There's a woman at the end of the bar who can't believe the way we coddle people these days.
Car seats for children. Food stamps. Half-way houses! All of these things confound this woman. To hear her tell it, allergies could be cured with repeated contact with the supposed allergen, asthma is an excuse for those who are "afraid to try", the addicted can get clean in jail and seatbelts are "stupid" because "if it's your time, it's your time".
"Nobody wore a helmet in my day," she bawls over her beer, "and we all turned out just fine!"
Sure you did, lady. Except for those of you who didn't. The ones who didn't wear a helmet and suffered avoidable traumatic brain injury because of it didn't make it to the bar tonight.
And then I remember the girl I can't fully forget.
There was a girl in my 7th grade class. Try as I may, I cannot remember her name, not even enough to fictionalize it; yet I remember her face, her manner. She was pale and thin, looked like she didn't sleep. Her clothes were dirty and may have been from another era. She was disheveled. Not in a cool, hipster sort of way -- hipsters had yet to have been invented -- but in a forgotten and clothing-as-cover-only sort of way. Everything she wore was too big, matronly even, right down to the 50's style bra discernible under her inevitable and white cotton blouses. The unfilled cups of those bras collapsed under the weight of the material, becoming odd lumps of confusion.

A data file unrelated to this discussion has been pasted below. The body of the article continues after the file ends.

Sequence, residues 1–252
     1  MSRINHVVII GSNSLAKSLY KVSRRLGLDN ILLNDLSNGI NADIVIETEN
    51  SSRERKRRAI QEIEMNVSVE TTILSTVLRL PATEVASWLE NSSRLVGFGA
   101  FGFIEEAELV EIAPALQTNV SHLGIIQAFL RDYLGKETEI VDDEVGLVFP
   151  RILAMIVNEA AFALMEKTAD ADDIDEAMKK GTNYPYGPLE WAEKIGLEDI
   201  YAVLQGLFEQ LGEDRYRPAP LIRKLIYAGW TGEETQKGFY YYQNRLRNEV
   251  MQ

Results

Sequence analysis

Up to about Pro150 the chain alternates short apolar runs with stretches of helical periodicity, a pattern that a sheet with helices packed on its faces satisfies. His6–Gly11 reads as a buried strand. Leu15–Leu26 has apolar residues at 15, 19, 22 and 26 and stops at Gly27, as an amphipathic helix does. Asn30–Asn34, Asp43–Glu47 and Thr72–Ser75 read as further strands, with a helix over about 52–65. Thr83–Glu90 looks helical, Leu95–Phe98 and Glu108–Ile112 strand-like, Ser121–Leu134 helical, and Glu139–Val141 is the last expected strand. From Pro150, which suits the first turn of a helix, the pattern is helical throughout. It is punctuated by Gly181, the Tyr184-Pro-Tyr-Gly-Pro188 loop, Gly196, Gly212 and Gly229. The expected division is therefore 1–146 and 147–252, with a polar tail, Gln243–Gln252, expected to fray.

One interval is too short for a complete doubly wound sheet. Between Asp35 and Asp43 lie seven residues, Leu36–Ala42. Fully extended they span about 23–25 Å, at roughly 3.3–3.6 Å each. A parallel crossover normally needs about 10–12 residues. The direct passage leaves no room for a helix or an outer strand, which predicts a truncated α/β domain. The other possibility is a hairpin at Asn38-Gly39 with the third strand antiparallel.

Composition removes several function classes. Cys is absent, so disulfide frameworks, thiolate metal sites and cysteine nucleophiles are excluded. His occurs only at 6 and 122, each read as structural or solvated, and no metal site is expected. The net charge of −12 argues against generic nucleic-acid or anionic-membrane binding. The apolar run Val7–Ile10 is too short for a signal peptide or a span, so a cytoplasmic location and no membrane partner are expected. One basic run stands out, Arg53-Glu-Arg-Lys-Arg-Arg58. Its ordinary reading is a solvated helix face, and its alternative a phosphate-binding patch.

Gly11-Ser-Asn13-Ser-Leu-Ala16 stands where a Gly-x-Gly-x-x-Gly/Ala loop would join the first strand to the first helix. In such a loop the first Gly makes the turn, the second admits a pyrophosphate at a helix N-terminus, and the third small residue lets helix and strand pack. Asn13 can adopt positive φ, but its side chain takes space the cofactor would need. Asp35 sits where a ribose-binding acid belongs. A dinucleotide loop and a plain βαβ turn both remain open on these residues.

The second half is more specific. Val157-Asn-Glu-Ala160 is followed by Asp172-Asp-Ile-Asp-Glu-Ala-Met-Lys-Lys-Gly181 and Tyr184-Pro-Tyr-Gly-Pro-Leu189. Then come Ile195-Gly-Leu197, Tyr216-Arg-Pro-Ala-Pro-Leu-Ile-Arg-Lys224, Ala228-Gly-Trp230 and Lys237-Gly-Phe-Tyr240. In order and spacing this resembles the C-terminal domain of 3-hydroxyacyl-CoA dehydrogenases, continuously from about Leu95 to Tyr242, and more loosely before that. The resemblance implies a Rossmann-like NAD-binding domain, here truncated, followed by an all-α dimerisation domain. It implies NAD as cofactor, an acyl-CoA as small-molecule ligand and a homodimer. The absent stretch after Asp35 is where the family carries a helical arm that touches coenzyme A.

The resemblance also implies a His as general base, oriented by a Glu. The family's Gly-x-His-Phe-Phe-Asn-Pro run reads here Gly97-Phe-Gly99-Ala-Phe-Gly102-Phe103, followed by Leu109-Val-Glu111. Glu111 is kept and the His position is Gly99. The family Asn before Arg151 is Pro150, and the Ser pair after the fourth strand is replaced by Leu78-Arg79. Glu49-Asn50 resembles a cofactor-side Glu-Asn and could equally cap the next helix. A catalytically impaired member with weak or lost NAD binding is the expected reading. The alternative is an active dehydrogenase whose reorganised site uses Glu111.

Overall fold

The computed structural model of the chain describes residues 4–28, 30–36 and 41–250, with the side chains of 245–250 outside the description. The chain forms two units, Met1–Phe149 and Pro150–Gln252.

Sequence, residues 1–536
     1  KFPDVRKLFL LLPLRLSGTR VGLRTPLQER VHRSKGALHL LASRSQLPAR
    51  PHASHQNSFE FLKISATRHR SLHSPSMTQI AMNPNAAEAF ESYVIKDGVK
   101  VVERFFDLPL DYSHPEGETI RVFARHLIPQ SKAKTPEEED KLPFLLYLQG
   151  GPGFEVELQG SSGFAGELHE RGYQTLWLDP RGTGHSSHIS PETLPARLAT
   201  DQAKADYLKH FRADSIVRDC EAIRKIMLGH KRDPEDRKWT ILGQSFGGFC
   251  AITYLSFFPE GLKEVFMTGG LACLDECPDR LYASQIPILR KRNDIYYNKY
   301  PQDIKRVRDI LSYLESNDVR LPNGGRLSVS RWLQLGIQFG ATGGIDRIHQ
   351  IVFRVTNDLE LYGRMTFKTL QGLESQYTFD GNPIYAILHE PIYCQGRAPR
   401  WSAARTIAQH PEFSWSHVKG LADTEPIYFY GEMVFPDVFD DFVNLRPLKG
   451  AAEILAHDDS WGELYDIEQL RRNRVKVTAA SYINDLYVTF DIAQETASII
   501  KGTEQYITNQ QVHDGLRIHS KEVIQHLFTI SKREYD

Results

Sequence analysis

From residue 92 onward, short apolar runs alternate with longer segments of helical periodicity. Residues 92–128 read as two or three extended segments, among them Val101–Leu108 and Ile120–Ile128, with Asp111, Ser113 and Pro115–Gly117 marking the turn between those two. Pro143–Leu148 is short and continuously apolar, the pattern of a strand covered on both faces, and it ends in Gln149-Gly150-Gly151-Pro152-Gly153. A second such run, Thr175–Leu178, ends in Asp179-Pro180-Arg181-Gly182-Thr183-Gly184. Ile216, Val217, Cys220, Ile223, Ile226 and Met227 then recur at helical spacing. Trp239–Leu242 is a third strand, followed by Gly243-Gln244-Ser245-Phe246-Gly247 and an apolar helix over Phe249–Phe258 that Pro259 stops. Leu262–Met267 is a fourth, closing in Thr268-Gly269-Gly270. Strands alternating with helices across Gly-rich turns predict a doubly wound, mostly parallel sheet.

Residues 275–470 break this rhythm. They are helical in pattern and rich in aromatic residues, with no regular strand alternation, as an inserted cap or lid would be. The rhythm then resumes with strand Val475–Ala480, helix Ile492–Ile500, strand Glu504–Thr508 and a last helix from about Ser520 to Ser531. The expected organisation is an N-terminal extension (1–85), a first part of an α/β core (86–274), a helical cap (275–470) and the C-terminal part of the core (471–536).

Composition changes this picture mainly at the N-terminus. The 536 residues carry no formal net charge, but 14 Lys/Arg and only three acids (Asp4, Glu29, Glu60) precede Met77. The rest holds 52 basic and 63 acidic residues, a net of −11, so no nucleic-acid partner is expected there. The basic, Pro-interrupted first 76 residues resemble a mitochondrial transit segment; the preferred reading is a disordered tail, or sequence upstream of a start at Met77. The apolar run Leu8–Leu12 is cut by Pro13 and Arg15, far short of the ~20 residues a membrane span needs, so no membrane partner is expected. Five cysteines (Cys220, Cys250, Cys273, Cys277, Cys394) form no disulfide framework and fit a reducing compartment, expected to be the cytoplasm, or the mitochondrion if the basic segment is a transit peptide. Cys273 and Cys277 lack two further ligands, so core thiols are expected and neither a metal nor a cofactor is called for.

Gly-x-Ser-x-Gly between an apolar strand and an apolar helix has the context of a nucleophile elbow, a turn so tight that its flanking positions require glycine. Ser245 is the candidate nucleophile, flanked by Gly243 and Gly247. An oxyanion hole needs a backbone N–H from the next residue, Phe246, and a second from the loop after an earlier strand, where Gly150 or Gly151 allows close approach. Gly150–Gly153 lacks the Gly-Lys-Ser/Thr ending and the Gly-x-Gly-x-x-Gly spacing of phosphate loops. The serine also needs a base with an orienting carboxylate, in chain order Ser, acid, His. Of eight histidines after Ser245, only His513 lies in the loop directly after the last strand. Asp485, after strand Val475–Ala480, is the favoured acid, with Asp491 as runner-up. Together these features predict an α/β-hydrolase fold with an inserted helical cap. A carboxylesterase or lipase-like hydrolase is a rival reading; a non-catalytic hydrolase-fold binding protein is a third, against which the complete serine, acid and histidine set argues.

There she sat in the row next to me, head bowed, mute. She didn't speak, ever, even when the teacher asked her a question, something that blew my mind every time it happened.
How do you not answer the teacher?
She showed up one autumn day with a black eye. Later in the year her arm was in a sling.
I avoided her, just as, it seems, everyone else did. She was marked somehow. I think we were afraid that she was contagious.
In retrospect, I can't help but wonder about me at that age and speculate as to how much of my brain I was using.
I can't help but wonder if mandatory reporting on the part of the teachers and doctors in her life might've changed things.
The woman at the end of the bar blathers on, but I've turned her off.
She's saying nothing.